Chad officially known as the Republic of Chad is a landlocked country in central Africa. It is bordered by Libya to the northwest, Sudan to the east, the Central African Republic to the south, Cameroon and Nigeria to the southwest, and Niger to the west. Due to its distance from the sea and its largely desert climate, the country is sometimes referred to as the "Dead Heart of Africa".

Background History

Chad, part of France's African holdings until 1960, endured three decades of civil warfare, as well as invasions by Libya, before a semblance of peace was finally restored in 1990. The government eventually drafted a democratic constitution and held flawed presidential elections in 1996 and 2001. In 1998, a rebellion broke out in northern Chad, which has sporadically flared up despite several peace agreements between the government and the insurgents. In 2005, new rebel groups emerged in western Sudan and made probing attacks into eastern Chad despite signing peace agreements in December 2006 and October 2007. In June 2005, President Idriss Deby held a referendum successfully removing constitutional term limits and won another controversial election in 2006. Sporadic rebel campaigns continued throughout 2006 and 2007. The capital experienced a significant insurrection in early 2008, but has had no significant rebel threats since then, in part due to Chad's 2010 rapprochement with Sudan, which previously used Chadian rebels as proxies. Deby in 2011 was reelected to his fourth term in an election that international observers described as proceeding without incident. Power remains in the hands of an ethnic minority. In January 2014, Chad began a two year rotation on the UN Security Council.



Country Name:

  • conventional long form: Republic of Chad
  • conventional short form: Chad
  • local long form: Republique du Tchad/Jumhuriyat Tshad
  • local short form: Tchad/Tshad


  • name: N'Djamena
  • geographic coordinates: 12 06 N, 15 02 E
  • time difference: UTC+1 (6 hours ahead of Washington, DC during Standard Time)


  • 11 August 1960 (from France)

Government Type:

  • Republic

Executive Branch:

  • chief of state: President Lt. Gen. Idriss Deby Itno (since 4 December 1990)
  • head of government: Prime Minister Kalzeube Pahimi Deubet (since 21 November 2013)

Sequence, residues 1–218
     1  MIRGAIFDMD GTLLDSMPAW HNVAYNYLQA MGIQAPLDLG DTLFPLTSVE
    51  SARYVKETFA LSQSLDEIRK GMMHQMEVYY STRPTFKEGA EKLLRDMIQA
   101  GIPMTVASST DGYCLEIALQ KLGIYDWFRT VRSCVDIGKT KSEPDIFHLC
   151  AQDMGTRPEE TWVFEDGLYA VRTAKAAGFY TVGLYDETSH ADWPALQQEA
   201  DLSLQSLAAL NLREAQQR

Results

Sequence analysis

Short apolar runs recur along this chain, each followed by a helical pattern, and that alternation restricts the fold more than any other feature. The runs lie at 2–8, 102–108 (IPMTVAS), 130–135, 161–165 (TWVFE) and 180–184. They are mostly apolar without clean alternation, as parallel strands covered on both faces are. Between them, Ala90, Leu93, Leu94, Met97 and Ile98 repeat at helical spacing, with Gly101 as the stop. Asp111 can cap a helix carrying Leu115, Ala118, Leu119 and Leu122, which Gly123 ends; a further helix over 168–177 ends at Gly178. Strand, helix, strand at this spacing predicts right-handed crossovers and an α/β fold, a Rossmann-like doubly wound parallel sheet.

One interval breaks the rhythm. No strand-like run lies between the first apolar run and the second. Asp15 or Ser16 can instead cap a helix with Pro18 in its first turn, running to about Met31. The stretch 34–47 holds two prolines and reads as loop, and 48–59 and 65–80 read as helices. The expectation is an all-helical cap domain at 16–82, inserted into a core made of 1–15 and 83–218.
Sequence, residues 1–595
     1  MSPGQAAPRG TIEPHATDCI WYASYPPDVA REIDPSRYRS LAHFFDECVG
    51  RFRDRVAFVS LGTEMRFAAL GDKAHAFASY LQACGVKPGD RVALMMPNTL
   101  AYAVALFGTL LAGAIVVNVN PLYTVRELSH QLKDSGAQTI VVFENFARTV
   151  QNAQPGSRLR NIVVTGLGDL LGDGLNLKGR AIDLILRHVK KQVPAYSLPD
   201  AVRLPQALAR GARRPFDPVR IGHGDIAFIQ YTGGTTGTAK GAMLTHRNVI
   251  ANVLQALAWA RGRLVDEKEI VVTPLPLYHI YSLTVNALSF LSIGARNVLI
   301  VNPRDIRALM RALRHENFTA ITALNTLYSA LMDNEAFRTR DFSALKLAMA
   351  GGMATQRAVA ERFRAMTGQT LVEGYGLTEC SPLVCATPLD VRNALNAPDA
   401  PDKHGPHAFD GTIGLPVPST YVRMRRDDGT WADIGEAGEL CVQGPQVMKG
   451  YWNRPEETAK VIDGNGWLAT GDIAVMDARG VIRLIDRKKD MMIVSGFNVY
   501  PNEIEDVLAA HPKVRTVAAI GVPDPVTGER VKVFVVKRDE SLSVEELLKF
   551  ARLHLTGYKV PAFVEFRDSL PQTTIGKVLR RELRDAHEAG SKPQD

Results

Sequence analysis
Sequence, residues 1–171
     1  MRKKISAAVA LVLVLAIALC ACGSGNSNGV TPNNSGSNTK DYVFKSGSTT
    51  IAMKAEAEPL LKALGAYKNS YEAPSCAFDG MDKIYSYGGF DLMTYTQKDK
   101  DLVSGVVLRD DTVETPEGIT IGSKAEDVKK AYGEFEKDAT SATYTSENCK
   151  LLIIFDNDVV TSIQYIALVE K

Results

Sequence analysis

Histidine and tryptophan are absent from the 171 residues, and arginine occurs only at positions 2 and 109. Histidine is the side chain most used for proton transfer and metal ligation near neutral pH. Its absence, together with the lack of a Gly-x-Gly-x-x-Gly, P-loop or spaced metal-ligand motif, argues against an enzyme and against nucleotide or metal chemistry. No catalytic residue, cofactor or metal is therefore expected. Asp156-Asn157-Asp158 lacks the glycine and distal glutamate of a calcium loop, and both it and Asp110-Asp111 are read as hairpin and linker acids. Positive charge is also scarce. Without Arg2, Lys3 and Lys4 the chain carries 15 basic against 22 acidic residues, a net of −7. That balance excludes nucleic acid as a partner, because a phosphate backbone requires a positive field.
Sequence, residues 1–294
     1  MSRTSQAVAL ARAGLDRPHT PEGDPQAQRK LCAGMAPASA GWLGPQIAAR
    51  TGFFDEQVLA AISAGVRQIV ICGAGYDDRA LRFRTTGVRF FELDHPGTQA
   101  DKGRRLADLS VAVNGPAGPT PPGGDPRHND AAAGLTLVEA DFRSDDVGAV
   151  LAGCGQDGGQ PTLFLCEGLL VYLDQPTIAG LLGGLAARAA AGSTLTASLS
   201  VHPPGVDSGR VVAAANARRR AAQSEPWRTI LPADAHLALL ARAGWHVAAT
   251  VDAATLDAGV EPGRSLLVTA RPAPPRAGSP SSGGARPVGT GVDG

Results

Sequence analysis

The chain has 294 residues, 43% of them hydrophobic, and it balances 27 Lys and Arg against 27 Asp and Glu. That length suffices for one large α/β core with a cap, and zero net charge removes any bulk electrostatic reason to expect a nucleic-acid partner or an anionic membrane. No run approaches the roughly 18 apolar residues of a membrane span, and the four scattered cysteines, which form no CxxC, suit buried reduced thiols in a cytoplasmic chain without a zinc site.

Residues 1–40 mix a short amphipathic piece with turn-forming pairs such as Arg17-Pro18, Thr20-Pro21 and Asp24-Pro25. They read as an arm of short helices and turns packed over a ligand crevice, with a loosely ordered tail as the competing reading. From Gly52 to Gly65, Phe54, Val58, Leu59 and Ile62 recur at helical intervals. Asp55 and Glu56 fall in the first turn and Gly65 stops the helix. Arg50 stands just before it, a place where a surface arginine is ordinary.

• cabinet: Council of State; members are appointed by the president on the recommendation of the prime minister

Legislative Branch:

  • structure: unicameral National Assembly

Judicial Branch:

  • structure: Supreme Court; Constitutional Council; High Court of Justice; Court of Appeal; Criminal Courts; Magistrate Courts


People & Society


  • 11,412,107 (global rank: 77)
  • growth rate: 1.92% (global rank: 59)


  • noun: Chadian(s)
  • adjective: Chadian

Major Cities:

  • N'Djamena (capital): 1.079 million

Ethnic Groups:

  • Sara 27.7%, Arab 12.3%, Mayo-Kebbi 11.5%, Kanem-Bornou 9%, Ouaddai 8.7%, Hadjarai 6.7%, Tandjile 6.5%, Gorane 6.3%, Fitri-Batha 4.7%, other 6.4%


  • Muslim 53.1%, Catholic 20.1%, Protestant 14.2%, animist 7.3%, other 0.5%, unknown 1.7%, atheist 3.1%


  • Arabic (official and national), Pulaar, Soninke, Wolof (all national languages), French, Hassaniya

Life Expectancy at Birth:

  • total population: 49.44 years (global rank: 223)
  • male: 48.3 years
  • female: 50.63 years

Infant Mortality:

  • total population: 90.3 deaths/1,000 live births (global rank: 6)
  • male: 95.92 deaths/1,000 live births
  • female: 84.46 deaths/1,000 live births


  • adult prevalence rate: 2.7% (2012 est.) (global rank: 25)
  • people living with AIDS: 213,100 (2012 est.) (global rank: 28)


  • definition: age 15 and over can read and write
  • total population: 35.4%
  • male: 45.6%
  • female: 25.4%